Health A to Z

Seniors' Health: Antidepressants linked with bone loss

Researchers advise patients to discuss the risks and benefits of treatment with their doctor

Two recent studies raise concerns that older men and women using antidepressants called selective serotonin reuptake inhibitors (SSRIs) may have higher rates of bone loss — a situation that could set them up for an increased risk of fractures.

SSRIs include medications sold under generic names such as fluoxetine, paroxetine and sertraline, as well as brand names such as Prozac, Paxil and Zoloft.

The study authors caution that their findings simply demonstrate a link between SSRIs and weakened bones, and don’t prove a cause-and-effect relationship. Nonetheless, they suggest older people taking this popular type of antidepressant should pay attention to their bone health.

In one of the studies, Dr. Susan Diem of the University of Minnesota in Minneapolis found an increased rate of bone loss at the hip in women taking SSRIs compared with those taking other antidepressants called tricyclics, or those not taking antidepressants. The study involved more than 2,700 women with an average age of 79 years.

“What’s not known yet is whether that degree of bone loss (observed in SSRI users) translates into an increased risk of fractures, which is the real thing we’re concerned about,” Diem says. “Our work also cannot determine whether the SSRIs themselves are responsible for the increased rate of loss or whether there are other differences in SSRI users and people not on the drugs that explain the increased rate. So given those limitations right now, I don’t think that patients should overreact or stop taking their antidepressant medications.”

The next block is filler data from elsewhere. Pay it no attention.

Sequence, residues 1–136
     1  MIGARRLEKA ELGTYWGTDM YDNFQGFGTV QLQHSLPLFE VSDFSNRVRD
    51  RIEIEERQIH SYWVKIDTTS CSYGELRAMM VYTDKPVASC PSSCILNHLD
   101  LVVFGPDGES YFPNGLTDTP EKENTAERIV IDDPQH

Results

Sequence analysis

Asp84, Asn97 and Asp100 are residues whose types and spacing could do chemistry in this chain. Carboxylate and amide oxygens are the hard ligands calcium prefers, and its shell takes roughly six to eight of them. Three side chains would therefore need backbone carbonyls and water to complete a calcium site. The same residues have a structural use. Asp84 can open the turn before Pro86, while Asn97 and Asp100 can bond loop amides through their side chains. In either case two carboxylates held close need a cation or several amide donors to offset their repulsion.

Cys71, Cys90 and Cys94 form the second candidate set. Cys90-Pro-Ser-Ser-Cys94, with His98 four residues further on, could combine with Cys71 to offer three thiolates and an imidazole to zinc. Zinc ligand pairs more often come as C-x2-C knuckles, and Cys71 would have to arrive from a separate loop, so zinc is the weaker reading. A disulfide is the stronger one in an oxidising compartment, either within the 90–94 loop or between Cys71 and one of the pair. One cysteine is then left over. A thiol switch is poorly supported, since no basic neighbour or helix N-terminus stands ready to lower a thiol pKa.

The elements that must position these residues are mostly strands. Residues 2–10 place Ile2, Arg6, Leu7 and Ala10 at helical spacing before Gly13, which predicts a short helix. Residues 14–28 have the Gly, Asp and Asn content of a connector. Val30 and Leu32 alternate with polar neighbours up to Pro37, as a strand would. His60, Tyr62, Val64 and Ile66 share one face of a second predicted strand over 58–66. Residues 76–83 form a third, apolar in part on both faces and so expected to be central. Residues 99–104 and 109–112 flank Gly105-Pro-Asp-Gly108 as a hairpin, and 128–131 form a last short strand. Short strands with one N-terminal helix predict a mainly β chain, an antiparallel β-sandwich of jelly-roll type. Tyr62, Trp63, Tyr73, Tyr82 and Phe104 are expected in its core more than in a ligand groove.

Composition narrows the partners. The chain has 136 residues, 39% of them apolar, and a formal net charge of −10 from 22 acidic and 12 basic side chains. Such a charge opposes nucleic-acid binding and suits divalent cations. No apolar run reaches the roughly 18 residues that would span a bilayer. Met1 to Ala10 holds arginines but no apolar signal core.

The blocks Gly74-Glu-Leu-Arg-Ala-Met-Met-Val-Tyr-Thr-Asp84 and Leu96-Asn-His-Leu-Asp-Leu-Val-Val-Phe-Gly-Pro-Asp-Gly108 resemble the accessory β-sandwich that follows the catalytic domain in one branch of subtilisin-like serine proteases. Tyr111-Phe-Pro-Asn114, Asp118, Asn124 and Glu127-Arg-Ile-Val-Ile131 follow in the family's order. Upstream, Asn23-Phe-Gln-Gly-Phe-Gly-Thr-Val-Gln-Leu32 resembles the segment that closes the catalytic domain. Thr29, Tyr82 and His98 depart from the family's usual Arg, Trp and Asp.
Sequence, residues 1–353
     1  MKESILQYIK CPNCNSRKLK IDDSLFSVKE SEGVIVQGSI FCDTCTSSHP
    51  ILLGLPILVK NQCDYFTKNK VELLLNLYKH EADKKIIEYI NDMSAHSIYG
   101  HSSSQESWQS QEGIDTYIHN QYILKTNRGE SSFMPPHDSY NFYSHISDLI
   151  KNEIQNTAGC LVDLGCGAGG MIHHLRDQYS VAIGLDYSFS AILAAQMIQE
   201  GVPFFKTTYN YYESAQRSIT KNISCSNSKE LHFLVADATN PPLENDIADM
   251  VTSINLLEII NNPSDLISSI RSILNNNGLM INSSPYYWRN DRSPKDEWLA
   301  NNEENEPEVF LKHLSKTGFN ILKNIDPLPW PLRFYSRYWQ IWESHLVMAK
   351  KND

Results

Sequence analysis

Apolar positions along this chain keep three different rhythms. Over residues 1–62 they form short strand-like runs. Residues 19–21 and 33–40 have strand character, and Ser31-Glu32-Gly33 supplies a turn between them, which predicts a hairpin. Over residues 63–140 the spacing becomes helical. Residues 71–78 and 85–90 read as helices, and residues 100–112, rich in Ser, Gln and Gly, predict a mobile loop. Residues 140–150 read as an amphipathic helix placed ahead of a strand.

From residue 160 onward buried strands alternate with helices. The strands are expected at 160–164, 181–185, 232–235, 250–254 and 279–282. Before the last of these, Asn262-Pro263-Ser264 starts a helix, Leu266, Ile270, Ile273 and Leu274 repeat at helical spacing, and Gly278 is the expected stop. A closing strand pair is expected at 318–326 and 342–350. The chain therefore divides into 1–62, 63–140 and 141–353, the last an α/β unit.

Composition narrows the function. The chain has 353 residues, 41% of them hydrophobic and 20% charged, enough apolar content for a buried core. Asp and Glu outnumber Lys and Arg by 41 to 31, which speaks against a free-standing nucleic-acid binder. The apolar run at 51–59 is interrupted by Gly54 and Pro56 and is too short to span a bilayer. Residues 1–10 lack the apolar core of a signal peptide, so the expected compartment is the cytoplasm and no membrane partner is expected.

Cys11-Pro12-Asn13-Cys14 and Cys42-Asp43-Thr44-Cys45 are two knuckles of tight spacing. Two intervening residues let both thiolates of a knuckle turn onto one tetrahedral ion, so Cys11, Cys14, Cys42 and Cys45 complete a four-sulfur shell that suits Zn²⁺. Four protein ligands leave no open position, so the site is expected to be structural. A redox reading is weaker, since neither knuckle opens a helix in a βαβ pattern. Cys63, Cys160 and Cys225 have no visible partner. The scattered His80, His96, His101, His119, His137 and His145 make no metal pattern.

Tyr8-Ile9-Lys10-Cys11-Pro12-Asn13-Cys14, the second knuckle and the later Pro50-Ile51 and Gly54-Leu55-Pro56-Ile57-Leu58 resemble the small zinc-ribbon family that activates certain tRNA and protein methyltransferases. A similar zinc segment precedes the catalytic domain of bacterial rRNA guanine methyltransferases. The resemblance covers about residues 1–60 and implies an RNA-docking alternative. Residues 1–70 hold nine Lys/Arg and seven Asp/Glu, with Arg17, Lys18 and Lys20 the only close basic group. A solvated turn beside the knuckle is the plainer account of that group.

In a similar study, Dr. Elizabeth Haney of the Oregon Health and Science University in Portland, Ore., measured bone density in nearly 6,000 men age 65 years and older. Bone density at the hip and spine was an average of four to six per cent lower among SSRI users than among men who did not take antidepressants.

Haney says people using SSRIs should not “jump to conclusions” about the study findings but should talk to their doctors in order to weigh the risks and benefits of using this type of medication. “In some cases, depression will be best treated by an SSRI. When that’s the case, it may be worth paying attention to prevention of bone loss. But that’s an individual physician’s decision with their patient.”

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